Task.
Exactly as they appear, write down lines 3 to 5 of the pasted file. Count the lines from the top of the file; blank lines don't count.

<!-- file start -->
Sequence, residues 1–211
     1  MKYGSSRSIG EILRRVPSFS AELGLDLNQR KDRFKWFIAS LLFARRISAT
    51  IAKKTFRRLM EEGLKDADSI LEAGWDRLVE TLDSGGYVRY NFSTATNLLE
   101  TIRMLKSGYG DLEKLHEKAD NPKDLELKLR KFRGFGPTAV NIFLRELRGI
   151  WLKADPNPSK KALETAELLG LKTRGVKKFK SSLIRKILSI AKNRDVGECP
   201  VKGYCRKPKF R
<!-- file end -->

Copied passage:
    51  IAKKTFRRLM EEGLKDADSI LEAGWDRLVE TLDSGGYVRY NFSTATNLLE
   101  TIRMLKSGYG DLEKLHEKAD NPKDLELKLR KFRGFGPTAV NIFLRELRGI
   151  WLKADPNPSK KALETAELLG LKTRGVKKFK SSLIRKILSI AKNRDVGECP